One down, two to go.

Half a mile further is Saltersford Tunnel. Here, coming from the south, the tunnel can be entered only during a 20 minute period after the hour. 

On, under glowering cloud layers,  past a forge  and a once familiar boat, on to overlook Dutton Lock and Dutton viaduct down below on the River Weaver.   Here, moored at the site of the canal’s collapse in 2012, Cleddau had one more night left on the Trent and Mersey Canal – and one more tunnel still to do.

Storm Hannah arrived wildly early on Saturday morning – whether to stay put in a very exposed spot or try to move on…?

As the Captain struggled to untie the boat in high winds three others passed by, three others ahead with another timed entrance tunnel ahead.

Just yards before Preston Brook Tunnel is a shallow stop lock. The crew of a hire boat seemed to be struggling. “Morning – though it’s not a very good one!” Boatwif commented, as rain lashed down.

“Of course it’s a lovely day,” chirped an Irish voice in reply. “It’s just the weather that’s bad…”

“We’re new to this,” said a thoroughly drenched chap who was clutching a windlass. Progress through the lock was exceptionally slow and crew pick up was chaotic as the wind whipped across the water…

Too late, it was too late for Cleddau to pass through the lock and into the tunnel in the allotted ten minute slot – but it was good to have an early mid-morning cuppa while time passed by, waiting for the next tunnel entry time.

Eventually, in due course, Cleddau and crew emerged from the third and final tunnel. (“Three tunnels, and I didn’t touch the side in any of ‘em,” the Captain later remarked, somewhat smugly…)

Now the wide and deep Bridgewater Canal lay ahead. A Nicholson map in double plastic sleeve was referred to from time to time. Northern names feature – Runcorn, Warrington, Thelwall…

Why on this wildest of days was there a boat approaching, and another, and another? Each boat seemed to be flying a yellow pennant, a large B in its centre. More boats, an entire convoy it seemed, probably twenty in number, all heading in the same southerly direction – a club outing? the Bridgewater Motor Boat Club? (No photos, camera consigned to dry quarters).

At best the rain lashed, at its worst it squalled and bucket-chucked. As protection for himself as well as for the engine, the Captain played his trump card, utilising his very large blue umbrella. It’s a pride and joy, with its carbon fibre struts, engineered and tested in wind tunnels up to 55mph. Did it do the job? For five, maybe ten minutes it did, then whoosh! There were ugly spikes and as the wind continued to gust a totally misshapen creation now needed to be dealt with. Somehow it was shoved below decks – and, miraculously, with some judicious tweaks and a bit of binding thread reinforcement over the struts, it has been restored to working order…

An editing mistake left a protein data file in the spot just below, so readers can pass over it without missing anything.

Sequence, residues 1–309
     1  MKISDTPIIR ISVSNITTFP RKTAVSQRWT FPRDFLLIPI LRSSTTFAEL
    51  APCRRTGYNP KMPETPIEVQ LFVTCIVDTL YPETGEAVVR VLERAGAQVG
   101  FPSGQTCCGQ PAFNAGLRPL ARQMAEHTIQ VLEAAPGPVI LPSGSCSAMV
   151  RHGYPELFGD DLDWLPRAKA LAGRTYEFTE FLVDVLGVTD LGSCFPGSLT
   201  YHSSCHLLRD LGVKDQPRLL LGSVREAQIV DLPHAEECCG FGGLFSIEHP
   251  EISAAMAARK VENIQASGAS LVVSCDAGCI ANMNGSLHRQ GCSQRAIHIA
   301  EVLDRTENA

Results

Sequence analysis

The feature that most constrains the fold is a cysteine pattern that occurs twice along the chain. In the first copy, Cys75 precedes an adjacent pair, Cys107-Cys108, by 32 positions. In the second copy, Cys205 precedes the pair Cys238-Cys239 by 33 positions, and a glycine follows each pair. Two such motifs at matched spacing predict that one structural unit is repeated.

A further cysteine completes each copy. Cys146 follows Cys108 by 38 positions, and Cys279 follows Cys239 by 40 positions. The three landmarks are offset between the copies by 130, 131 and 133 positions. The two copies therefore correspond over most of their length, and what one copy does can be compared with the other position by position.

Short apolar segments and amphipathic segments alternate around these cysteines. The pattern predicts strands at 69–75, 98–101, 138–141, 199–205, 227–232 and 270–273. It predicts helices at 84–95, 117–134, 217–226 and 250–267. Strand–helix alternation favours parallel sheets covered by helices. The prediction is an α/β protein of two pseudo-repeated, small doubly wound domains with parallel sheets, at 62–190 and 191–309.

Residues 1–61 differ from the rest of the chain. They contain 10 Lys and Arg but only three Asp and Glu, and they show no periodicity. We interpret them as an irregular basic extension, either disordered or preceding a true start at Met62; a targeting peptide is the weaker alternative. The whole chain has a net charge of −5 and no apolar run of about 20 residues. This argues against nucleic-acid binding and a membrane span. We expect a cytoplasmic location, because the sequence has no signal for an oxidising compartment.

5 miles further on Cleddau found a single mooring space at Lymm, about 90 minutes short of the day’s target.  Waterproof jackets, over-trousers, boots, a scarf, hats and six pairs of gloves all needed to be dried out… Strangely, as the winds and rains continued for the rest of the day no-one begged to get off the boat to go exploring…

By Sunday morning the weather had improved and it was dry enough to expose a camera to the elements again, even if photos taken had attracted the eye three years ago.

   Eventually, half a day late, Cleddau was moored up near Dunham Massey Underbridge, just about 50 metres from the River Bollin Aqueduct.  “You’re in Greater Manchester now,” a local walker informed, “not Cheshire,” and added, pointing back at the Bollin Aqueduct, “that’s the boundary.”  

So vital stats since leaving Higher Poynton (Cheshire East hill country): 67½ miles, 49 locks, 3 tunnels

Weather conditions experienced: early spring, high summer, glowery skies, storm force gales…

Next time: Bridgewater boating, left at Water’s Meeting and left again at Wigan

2019 Monkton Moments*- 1

(Monkton Moment*- a reference to / recognition of Cleddau’s Pembrokeshire connections)

 

 

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1 Response

  1. Jaqueline Biggs says:

    A lovely walk down memory lane for me. Les and I were up there in summer of 2012.

    I am sorry the good weather dissipated and the more usual weather reasserted itself. Big kudos to you both for soldiering on through all weathers.

    Love Jaq xxx